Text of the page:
It may or may not make sense to use this kind of upside-down, problem-centered, student-focused approach every day. The main idea is to prioritize student thinking, reasoning, and problem solving every day and to structure classrooms where those outcomes are consistently valued. Some teachers will use an upside-down approach every day. Others may choose to include an occasional teacher-led lecture or presentation of an interesting mathematical idea or observation. Whatever way a teacher structures lessons, students should come to expect that when they walk in the door to math class, they're going to have lots of opportunities to talk about their thinking and share their reasoning as they take on challenging, interesting problems.
Boaler, J. (2015). Mathematical mindsets: Unleashing students' potential through creative math, inspiring messages and innovative teaching. San Francisco, CA: Jossey-Bass.
Chapin, S. H., O'Connor, C., & Anderson, N. C. (2013). Talk moves: A teacher's guide for using classroom discussions in math (3rd ed.). Sausalito, CA: Math Solutions.
Dweck, C. (2007). Mindset: The new psychology of success. New York: Ballantine Books.
Kazemi, E., & Hintz, A. (2014). Intentional talk: How to structure and lead productive mathematical discussions. Portland, ME: Stenhouse Publishers.
Meyer, D. (2011). The three acts of a mathematical story. Retrieved April 27, 2017, from http://blog.mrmeyer.com/2011/the-three-acts-of-a-mathematical-story/
National Council of Teachers of Mathematics. (2014). Principles to actions: Ensuring mathematical success for all. Reston, VA: National Council of Teachers of Mathematics.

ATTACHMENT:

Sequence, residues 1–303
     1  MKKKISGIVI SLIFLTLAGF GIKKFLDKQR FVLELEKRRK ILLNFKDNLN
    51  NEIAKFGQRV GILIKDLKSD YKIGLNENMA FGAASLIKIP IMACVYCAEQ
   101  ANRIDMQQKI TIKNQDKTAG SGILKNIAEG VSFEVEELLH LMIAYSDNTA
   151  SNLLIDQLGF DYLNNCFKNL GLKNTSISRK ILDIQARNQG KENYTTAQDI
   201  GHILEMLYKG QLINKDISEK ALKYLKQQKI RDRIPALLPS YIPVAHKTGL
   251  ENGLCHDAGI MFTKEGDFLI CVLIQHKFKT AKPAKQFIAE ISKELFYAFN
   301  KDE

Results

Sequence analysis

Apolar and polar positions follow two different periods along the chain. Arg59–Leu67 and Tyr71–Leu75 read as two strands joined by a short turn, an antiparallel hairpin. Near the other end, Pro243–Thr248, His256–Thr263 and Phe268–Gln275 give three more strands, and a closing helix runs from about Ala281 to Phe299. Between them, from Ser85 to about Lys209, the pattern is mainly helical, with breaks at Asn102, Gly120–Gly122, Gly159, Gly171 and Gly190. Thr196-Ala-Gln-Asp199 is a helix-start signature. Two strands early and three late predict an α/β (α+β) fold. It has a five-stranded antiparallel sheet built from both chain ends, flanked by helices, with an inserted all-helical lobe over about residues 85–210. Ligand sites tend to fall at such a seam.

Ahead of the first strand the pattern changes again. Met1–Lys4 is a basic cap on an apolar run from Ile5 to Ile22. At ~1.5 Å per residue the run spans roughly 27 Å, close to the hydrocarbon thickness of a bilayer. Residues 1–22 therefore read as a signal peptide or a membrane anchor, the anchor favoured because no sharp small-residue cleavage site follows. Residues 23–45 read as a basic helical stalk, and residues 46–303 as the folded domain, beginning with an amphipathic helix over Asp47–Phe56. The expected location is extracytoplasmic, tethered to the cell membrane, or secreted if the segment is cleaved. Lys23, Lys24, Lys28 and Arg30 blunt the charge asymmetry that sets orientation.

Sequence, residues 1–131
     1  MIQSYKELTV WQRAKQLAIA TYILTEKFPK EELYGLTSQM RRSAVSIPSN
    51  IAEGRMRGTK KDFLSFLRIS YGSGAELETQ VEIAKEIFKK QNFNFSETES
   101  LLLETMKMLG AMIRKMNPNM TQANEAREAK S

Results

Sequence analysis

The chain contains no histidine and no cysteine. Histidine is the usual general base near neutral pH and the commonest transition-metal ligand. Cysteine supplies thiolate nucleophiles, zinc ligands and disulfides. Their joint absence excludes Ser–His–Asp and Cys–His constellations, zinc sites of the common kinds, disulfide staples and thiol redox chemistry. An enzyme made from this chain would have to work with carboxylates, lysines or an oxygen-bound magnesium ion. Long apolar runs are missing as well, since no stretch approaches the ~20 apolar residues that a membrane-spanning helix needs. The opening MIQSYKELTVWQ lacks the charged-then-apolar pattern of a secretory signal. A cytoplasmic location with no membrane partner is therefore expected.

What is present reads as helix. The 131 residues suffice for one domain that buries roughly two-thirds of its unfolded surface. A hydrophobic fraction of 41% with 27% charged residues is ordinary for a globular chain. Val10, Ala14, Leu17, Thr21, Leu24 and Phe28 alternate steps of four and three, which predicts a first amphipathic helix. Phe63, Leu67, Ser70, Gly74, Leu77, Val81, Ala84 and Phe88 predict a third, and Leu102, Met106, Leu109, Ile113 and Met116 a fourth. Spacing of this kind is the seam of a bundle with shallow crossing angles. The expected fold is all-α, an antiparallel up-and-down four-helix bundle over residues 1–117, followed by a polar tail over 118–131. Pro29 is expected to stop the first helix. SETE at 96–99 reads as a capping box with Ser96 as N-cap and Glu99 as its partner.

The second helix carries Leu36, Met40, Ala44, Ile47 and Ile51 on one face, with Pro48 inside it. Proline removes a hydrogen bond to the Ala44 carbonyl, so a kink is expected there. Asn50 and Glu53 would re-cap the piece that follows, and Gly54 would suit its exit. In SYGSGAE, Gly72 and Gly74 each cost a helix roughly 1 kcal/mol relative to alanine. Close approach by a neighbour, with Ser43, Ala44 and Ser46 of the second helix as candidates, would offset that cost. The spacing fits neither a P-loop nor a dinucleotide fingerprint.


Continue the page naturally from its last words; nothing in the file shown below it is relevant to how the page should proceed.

Seeley, C. L. (2014). "Upside-Down Teaching" in Smarter than we think: More messages about math, teaching, and learning in the 21st century. Sausalito, CA: Math Solutions.
Seeley, C. L. (2016). Making sense of math: How to help every student become a mathematical thinker and problem solver. Alexandria, VA: ASCD.
Smith, M. S., & Stein, M. K. (2011). 5 practices for orchestrating mathematics discussions. Reston, VA: National Council of Teachers of Mathematics.
^{1} This lesson and video comes from Advanced Quantitative Reasoning, a course developed by the Texas Association of Supervisors of Mathematics working with the Charles A. Dana Center at the University of Texas, Austin.
Cathy L. Seeley (www.cathyseeley.com) is a mathematics educator, speaker, and writer in Austin, Texas, and former president of the National Council of Teachers of Mathematics. She is the author of Making Sense of Math: How to Help Every Student Become a Mathematical Thinker and Problem Solver (ASCD, 2016) and Smarter Than We Think: More Messages about Math, Teaching, and Learning in the 21st Century (Math Solutions, 2014). Follow her on Twitter.